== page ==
Cardin Leads Call for Future COVID-19 Response Legislation to Protect Access to Dental Care for All Americans
WASHINGTON – U.S. Senator Ben Cardin (D-Md.), a senior member of the Senate Finance Committee Subcommittee on Health Care, led colleagues in a letter to Senate leadership asking that any future COVID-19 response legislation includes strong measures to maintain dental coverage for Americans who have lost their employer-based benefits and to ensure access to pediatric and adult dental coverage through the Medicaid program. Joining Cardin in sending the letter were U.S. Senators Debbie Stabenow (D-Mich.), Chris Van Hollen (D-Md.), Richard J. Durbin (D-Ill.), Cory A. Booker (D-N.J.), Robert P. Casey, Jr. (D-Pa.), Edward J. Markey (D-Mass.), and Bernie Sanders (I-Vt.).
“The oral health care system itself is at incredible risk during the COVID-19 pandemic. Given that COVID-19 is a respiratory born disease, the nature of dental services makes treating patients particularly risky. As a result, there has been a dramatic decline in services delivered,” write the Senators. They continue, “While we are concerned with the oral health care system’s ability to meet immediate urgent dental care needs, we are even more concerned with ensuring that the system is adequately resourced to meet the community’s oral health needs when COVID-19 subsides, both in terms of coverage and access to providers.”
In response, the Senators highlight the need for two actions. First, they call for an increase of the federal Medicaid matching rate for Medicaid spending, called the Federal Medical Assistance Percentage (FMAP). States may be pressured to cut dental access for both adults and children when state budgets are in fiscal trouble. Second, they advocate for the establishment of a $75 million public oral health infrastructure fund to support state and local health departments in covering the costs to improve oral health care delivery, data collection, infection control, and workforce training.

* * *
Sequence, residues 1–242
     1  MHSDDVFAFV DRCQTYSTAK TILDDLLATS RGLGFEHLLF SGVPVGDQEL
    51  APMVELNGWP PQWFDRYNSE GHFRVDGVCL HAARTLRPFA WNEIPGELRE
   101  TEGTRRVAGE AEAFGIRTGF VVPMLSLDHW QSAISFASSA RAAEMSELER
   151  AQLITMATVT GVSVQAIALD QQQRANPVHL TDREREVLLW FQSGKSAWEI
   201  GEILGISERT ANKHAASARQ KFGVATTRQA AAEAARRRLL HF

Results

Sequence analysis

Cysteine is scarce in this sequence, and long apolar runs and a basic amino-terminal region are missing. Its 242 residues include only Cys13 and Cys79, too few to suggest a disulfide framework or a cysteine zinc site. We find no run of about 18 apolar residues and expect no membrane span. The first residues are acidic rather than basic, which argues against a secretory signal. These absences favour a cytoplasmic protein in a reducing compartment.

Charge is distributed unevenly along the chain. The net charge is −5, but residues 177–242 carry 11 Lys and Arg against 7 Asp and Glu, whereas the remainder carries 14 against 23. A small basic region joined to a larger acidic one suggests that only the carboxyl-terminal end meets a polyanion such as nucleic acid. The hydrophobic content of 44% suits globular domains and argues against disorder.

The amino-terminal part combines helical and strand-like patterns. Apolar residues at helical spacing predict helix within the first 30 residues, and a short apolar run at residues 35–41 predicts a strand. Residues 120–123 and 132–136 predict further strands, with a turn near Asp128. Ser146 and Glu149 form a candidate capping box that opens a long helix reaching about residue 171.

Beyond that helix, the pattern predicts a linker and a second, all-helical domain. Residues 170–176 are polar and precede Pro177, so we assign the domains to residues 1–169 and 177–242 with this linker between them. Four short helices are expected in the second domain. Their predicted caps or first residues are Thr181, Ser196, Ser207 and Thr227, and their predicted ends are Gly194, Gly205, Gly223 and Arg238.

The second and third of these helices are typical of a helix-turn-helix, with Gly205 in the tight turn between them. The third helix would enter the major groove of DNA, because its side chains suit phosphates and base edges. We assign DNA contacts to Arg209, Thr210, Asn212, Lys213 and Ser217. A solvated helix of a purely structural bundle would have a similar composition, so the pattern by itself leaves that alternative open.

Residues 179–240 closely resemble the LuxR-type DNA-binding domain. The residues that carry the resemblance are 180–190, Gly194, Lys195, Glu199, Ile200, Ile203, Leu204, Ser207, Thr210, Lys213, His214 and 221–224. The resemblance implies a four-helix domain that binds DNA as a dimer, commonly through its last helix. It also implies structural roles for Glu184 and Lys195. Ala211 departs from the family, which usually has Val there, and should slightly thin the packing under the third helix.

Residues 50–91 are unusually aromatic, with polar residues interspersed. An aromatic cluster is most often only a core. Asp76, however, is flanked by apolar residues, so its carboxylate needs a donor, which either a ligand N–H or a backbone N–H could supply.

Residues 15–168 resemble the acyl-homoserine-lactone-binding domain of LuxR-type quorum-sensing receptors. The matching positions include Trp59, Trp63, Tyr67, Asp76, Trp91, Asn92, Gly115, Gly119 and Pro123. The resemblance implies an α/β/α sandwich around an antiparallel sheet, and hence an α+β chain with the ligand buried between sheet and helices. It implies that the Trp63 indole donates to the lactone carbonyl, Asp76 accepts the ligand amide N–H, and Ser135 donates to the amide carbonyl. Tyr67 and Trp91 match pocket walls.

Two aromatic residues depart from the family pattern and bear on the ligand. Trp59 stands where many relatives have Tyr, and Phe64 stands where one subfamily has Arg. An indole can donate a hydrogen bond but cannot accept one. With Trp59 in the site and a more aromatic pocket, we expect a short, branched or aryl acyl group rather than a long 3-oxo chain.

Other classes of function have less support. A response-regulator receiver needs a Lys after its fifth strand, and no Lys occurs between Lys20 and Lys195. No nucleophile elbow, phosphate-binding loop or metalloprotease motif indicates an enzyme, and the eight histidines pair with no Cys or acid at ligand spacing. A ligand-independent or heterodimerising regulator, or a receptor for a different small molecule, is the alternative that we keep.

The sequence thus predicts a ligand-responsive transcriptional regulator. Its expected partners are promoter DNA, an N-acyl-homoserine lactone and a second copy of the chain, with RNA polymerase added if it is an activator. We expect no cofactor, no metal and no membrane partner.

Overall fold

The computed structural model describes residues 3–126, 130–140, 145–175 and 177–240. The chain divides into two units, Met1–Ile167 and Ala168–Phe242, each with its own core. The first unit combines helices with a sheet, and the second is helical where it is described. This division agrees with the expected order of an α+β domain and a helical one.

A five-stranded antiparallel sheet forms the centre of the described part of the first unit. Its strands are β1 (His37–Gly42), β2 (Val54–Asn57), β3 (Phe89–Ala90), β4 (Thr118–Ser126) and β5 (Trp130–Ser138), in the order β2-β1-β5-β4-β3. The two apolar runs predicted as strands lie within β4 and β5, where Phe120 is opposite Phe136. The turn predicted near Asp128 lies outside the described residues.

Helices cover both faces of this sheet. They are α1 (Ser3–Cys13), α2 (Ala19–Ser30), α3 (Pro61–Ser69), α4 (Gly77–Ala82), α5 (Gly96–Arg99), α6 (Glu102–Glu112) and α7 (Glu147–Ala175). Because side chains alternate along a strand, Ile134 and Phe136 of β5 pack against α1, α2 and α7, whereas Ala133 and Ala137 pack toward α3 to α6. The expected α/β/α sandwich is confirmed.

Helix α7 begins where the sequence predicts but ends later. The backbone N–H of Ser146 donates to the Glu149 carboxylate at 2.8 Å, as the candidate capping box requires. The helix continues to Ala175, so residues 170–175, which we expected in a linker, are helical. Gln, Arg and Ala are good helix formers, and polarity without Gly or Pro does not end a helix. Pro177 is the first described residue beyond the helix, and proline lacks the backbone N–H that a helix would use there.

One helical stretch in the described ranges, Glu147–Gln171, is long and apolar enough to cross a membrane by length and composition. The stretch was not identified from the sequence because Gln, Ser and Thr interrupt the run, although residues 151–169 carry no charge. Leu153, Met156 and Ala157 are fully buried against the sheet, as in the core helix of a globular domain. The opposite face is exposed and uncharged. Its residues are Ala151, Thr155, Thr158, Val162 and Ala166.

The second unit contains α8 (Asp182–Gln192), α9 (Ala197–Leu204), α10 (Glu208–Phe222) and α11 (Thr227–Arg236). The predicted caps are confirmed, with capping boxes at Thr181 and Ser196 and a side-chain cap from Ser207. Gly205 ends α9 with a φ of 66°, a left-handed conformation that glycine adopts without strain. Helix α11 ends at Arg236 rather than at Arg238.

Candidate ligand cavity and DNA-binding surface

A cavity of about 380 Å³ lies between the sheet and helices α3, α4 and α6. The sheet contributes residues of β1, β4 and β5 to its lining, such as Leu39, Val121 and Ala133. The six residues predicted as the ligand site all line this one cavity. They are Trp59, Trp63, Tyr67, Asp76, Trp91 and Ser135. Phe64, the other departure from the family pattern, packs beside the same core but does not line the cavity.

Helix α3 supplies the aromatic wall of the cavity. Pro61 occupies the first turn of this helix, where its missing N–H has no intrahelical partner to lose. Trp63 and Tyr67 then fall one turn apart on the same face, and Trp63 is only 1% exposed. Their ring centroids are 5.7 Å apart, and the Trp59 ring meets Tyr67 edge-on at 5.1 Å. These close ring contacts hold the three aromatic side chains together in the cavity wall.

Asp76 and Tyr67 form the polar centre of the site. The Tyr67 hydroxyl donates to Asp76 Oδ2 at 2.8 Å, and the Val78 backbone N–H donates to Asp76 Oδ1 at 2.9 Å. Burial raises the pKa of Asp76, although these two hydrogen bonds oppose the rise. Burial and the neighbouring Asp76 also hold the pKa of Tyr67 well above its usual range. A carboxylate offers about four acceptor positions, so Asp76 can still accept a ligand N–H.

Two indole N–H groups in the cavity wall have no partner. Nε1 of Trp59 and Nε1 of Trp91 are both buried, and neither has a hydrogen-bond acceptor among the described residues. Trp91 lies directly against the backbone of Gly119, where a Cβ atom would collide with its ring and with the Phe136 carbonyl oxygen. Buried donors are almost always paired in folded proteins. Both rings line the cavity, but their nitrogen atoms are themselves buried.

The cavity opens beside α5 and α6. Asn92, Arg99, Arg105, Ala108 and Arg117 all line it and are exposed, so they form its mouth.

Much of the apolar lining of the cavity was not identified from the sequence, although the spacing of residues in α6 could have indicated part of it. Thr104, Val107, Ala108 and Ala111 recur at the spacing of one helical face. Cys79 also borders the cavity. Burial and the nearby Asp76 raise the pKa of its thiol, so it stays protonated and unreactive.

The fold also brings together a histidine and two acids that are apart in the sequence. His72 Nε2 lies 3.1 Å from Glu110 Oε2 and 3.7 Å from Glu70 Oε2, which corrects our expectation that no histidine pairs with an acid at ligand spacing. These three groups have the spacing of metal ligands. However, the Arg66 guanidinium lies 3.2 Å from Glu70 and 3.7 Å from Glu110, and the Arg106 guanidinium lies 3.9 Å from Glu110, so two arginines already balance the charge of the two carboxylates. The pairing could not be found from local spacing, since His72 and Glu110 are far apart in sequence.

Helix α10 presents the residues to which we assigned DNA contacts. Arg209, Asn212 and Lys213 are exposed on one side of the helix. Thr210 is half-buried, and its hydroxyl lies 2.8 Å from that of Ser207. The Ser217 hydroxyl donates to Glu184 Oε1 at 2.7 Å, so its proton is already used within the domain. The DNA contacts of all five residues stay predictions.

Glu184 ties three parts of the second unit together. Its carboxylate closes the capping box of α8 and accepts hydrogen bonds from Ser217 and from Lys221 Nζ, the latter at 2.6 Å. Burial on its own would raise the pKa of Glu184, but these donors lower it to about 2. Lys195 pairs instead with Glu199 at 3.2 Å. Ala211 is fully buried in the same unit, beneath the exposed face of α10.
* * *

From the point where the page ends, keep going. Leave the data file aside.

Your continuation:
Cardin has long fought to ensure that all Americans, regardless of income or insurance status, have quality, affordable dental coverage. He has introduced legislation to require Medicare to cover dental benefits and fought successfully to include pediatric dental coverage as an essential health benefit through the Patient Protection and Affordable Care Act (ACA).
The full text of the letter can be found here and below:
Dear Leader McConnell and Leader Schumer:
We are writing to urge you to ensure that any upcoming legislation regarding the COVID-19 pandemic includes strong measures to maintain dental coverage for Americans who have lost their employer-based benefits and to ensure access to pediatric and adult dental coverage in the Medicaid program. As you know, the COVID-19 pandemic has significantly impacted the economic stability and health care – including dental – coverage for millions of Americans and their families. While Congress has taken unprecedented steps to provide immediate relief to many Americans, we are concerned there has not been sufficient attention to protect access to dental coverage, particularly for the most vulnerable Americans and believe there should be specific state and local infrastructure funds to meet oral health needs of our communities.